Pink Shirt Day began in Canada in 2007 when two teenagers took a stand against homophobic bullying, mobilising their whole school, after a fellow student was bullied for wearing a pink shirt.
On Friday, staff at more than 500 workplaces in New Zealand wore pink for Pink Shirt Day.
A study from Massey University estimates one in five workers in New Zealand experience workplace bullying - approximately 400,000 people.
Moreover, the Ministry of Business, Innovation and Employment's (MBIE) mediation service has this year received 141 applications that noted bullying was an issue.
However, instances of bullying in MBIE mediation cases could be higher as it is not mandatory for an applicant to specify that they were bullied.
Mental Health Foundation chief executive Shaun Robinson said it’s inspiring to see so many workplaces take a stand to create environments where all New Zealanders, especially the youth, can thrive.
“Bullying can have serious and ongoing impacts on our mental health and wellbeing,” said Robinson.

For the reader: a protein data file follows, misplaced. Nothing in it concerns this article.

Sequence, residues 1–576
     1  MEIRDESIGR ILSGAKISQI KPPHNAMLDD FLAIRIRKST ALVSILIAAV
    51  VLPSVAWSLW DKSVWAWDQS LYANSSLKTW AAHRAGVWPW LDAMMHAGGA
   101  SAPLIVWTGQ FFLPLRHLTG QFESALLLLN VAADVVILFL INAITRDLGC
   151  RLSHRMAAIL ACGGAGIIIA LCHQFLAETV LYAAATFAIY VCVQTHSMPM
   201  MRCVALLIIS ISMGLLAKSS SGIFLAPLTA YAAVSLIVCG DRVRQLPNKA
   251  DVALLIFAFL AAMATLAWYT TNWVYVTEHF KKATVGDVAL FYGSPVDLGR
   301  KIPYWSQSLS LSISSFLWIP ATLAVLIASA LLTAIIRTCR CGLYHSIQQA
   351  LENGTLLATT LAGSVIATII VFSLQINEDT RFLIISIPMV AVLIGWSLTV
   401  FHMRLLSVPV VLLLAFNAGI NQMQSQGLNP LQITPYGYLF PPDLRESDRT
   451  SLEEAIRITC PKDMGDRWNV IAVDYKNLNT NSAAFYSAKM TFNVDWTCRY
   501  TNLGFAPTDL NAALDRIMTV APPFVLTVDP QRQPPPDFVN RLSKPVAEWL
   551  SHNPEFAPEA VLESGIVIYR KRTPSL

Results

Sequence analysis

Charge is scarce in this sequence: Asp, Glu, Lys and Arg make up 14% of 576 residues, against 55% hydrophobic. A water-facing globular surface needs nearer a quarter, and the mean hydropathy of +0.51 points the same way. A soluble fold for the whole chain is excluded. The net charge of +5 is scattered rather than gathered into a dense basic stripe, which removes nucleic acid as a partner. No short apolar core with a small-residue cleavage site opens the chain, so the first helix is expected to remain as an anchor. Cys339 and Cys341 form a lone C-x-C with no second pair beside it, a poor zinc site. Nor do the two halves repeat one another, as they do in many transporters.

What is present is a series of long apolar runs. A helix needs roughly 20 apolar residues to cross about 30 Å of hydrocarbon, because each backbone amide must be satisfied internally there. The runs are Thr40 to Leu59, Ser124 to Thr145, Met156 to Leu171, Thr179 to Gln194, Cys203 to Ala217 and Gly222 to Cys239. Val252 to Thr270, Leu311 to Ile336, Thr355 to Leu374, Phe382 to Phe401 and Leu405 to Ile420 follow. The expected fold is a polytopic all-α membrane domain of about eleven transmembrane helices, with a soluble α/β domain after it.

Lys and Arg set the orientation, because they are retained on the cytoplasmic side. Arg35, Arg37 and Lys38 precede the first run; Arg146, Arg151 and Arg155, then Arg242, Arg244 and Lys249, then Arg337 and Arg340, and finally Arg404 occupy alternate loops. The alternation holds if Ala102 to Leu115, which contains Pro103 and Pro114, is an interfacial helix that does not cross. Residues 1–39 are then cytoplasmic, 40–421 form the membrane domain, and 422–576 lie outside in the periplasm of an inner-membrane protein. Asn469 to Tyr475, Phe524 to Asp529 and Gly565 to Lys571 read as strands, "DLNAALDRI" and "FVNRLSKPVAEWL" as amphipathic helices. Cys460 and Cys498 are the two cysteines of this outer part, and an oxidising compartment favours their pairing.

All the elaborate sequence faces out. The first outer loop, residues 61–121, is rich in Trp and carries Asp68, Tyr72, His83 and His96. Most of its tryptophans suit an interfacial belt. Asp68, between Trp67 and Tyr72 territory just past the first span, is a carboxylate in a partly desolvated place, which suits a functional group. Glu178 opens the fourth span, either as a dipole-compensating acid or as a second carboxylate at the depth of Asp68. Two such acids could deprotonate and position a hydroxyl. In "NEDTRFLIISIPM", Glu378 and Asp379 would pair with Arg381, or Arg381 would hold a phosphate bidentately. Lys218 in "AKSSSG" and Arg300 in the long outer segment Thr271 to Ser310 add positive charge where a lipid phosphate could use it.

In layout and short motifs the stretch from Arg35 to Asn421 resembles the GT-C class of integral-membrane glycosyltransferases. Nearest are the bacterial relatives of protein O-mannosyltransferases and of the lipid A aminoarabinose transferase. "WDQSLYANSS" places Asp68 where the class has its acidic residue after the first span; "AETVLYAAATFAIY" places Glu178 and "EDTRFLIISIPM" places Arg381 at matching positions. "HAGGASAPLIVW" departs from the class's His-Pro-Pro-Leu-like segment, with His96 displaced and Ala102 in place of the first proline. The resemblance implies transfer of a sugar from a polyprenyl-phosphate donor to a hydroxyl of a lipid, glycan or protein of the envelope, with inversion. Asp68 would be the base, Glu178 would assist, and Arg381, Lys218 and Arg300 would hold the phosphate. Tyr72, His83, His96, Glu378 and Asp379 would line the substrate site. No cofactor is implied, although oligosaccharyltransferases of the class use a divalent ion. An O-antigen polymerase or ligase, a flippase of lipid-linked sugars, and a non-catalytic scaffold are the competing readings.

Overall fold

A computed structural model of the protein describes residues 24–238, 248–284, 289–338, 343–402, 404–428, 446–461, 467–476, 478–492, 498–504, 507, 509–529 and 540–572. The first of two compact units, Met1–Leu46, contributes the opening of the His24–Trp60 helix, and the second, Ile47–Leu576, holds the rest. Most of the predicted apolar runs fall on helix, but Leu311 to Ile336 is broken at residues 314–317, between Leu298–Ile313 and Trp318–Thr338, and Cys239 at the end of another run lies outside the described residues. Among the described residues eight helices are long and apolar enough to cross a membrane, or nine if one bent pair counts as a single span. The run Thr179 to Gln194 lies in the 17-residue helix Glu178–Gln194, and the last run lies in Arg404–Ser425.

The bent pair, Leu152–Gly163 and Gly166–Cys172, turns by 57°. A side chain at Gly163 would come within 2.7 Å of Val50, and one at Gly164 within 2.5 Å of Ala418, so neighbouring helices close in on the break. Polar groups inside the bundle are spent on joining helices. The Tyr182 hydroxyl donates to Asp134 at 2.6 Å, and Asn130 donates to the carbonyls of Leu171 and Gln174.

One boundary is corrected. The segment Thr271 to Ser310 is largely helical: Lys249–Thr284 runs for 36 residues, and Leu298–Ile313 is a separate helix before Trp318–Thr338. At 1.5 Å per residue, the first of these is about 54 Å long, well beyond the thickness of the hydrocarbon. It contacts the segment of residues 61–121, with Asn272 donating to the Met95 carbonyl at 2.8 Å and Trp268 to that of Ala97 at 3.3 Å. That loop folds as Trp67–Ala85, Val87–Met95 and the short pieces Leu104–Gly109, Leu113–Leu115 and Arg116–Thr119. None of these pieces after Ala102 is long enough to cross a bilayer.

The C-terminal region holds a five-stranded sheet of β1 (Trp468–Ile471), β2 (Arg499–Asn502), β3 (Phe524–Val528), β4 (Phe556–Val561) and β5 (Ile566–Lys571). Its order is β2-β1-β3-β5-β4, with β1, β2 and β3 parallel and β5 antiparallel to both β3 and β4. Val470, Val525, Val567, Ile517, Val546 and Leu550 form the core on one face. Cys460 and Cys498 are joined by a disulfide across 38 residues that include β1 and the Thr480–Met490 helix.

“We know that people who are bullied are more likely to experience symptoms of depression, anxiety and suicidal thoughts.”
Robinson added that bullying can also negatively impact performance and productivity in workplaces.
“Pink Shirt Day is a reminder that small actions lead to larger actions that create positive change where we live, work and play,” said Robinson.
“Māori and Pasifika youth are over-represented in our mental health statistics and we urgently need to support our rangatahi to feel safe and good about who they are right across Aotearoa.”
Earlier in the year, Culture Safe NZ called for workplace bullying to be legislated as a criminal act like it is in Australia.
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